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Sustainability of the earth... and my wallet

September 19th, 2010 at 06:34 am

Yesterday I went to a Sustainability expo. The keynote speaker was one of just 26 certified trainers for the Transition Towns movement.

I hadn't heard of this before, but it's based on taking action now (rather than wait for politicians to get their act together) to respond to two inevitable events: 1) peak oil, which many say has already arrived, and 2) global climate warming.

It's not a question of "if," it's a matter of "when." Those few people who still question the science of global warming can't help but remind me of those idiots who say the Holocaust never happened.

There are transition towns across the country. There are more, I think, in the west, an area that always seems to be more forward-thinking than the rest of the country, save for Vermont and Massachusetts.

It's a grassroots effort where people use a community-based approach to conserve energy and natural resources, reduce fossil fuel dependence, shop responsibly and maintain a green home and garden. (Personally, I love the idea of getting together with neighbors to share use of certain things, like perhaps a lawnmower and other garden tools, bulk buying of groceries, etc.)

The great thing about going green is that green behavior is always good for your wallet as well as the earth.

I've always had an interest in environmental issues, but they tend to get put on the back burner while other things take precedence. However, I always try to incorporate green behavior in my personal life, by:

* avoiding use of the clothes dryer
* reusing my own grocery bags
* driving an old Honda Civic
* growing an organic vegetable garden
* turning the thermostat down in winter
* installing CFL light bulbs
* getting a home energy audit
* reducing junk mail
* driving less and combining trips
* maximizing driving efficiency by avoiding speeding, or accelerating or braking quickly
* eating less than 1 meat meal per week
* not living in the biggest house I could afford
* curbing spending on useless or unnecessary items
* pursuing a minimalist lifestyle, using only what I really need (this is a work in progress)
* recycling as much as possible, including certain plastics, metal cans, newspapers, junk mail and electronics
* using a battery-charged lawn mower and weed whacker
* finding ways to reuse items rather than tossing them in the trash (library donations, Craig's List sales, gifting to friends and family, Good Will)
* avoiding the purchase of one-use food goods in over-packaged, non-recyclable containers, or disposal paper plates and cups. Walking out of a store carrying my purchase of one or two items WITHOUT the bag (but with the receipt).
* Cooking primarily with my toaster oven/convection oven instead of the full-sized oven. Using the energy-efficient microwave often.

On my list of future things to do, I'd really like to start a compost pile and give up using my car more, but in this area, the car is King.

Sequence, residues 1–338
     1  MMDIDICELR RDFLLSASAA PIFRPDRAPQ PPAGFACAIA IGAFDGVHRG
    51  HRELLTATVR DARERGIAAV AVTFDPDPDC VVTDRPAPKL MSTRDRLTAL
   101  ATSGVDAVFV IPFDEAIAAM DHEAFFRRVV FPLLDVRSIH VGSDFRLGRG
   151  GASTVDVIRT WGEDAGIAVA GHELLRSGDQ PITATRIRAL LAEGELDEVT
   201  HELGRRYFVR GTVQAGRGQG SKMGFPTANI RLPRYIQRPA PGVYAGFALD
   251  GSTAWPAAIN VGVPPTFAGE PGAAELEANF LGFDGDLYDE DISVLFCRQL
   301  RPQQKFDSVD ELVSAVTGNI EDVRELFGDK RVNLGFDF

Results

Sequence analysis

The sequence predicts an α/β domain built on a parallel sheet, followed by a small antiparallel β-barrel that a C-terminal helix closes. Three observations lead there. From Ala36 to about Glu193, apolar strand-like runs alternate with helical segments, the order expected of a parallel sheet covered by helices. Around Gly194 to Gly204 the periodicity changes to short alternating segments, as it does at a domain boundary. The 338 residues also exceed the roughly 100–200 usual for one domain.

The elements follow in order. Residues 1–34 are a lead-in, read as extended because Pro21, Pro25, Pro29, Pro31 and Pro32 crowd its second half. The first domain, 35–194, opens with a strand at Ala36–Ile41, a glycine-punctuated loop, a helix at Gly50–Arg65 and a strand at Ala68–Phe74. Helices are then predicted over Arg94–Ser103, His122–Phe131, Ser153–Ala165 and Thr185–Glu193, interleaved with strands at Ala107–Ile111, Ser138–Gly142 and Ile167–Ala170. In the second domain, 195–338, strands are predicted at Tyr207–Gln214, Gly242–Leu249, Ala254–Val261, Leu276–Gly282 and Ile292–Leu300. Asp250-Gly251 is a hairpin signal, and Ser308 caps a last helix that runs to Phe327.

I'm also interested in the concept of "co-housing," but have yet to tour one of their communities in Massachusetts. The idea is that you give up your private backyard, and the isolation that goes with it. Instead, you dine together in a communal dining room,sharing responsibility for meals, and you share outdoor living space. I have mixed feelings about it, but it's something I'd still like to explore to see how it works in practice.

Today I will be caulking interior windows; the home energy audit I had 2 weeks ago revealed small loss of warm air in the the window trim that goes over the windows themselves. The cracks were too thin for the guy to caulk, but I'm confident I can do it myself.

5 Responses to “Sustainability of the earth... and my wallet”

  1. FrugalTexan75 Says:

    I would think you'd have to have some pretty strong regulations and procedures in place to make sharing a backyard with several or more neighbors workable.
    Especially regulations regarding dogs/cleanup, kids running loose, maintenance ..... etc.

  2. HouseHopeful Says:

    I think the sustainability movement is very interesting. I often wonder how I would survive if a lot of the amenities that we have were gone Smile

    While I know I will not adopt all ideas (raising chickens), I do like to work towards some of the ideas. Cooking from scratch is something that I have been playing with. I tried knitting, but found I am terrible at it.

    There are some VERY interesting blogs out there from people trying some of the ideas you described.

  3. PatientSaver Says:

    HouseHopeful, could you share the URLs of some of those blogs you mentioned?

    I live in a typical suburb, but just in the past year, one of my neighbors got chickens, and the other got a pair of goats.

  4. baselle Says:

    HouseHopeful - Time for barter. You have issues with knitting, but I bet you are great at some skills to trade for knitting.

    Another time honored tactic is borrowing some items that a neighbor has while allowing him to borrow items that you have. Works especially well with tools and small gas powered appliances. Course you need good neighbors.

  5. Jerry Says:

    I like some of the elements of the Transition Town, that leads to some contemplation. I agree with you on the shared dining in a communal backyard, though, I'm not sure that I'd want that. Still, all in all, those are some great things that you are doing that I think make a difference. As baselle points out, so much of this communal stuff really depends on the insurance of having good neighbors, and I wonder how many of those there are out there any more?
    Jerry

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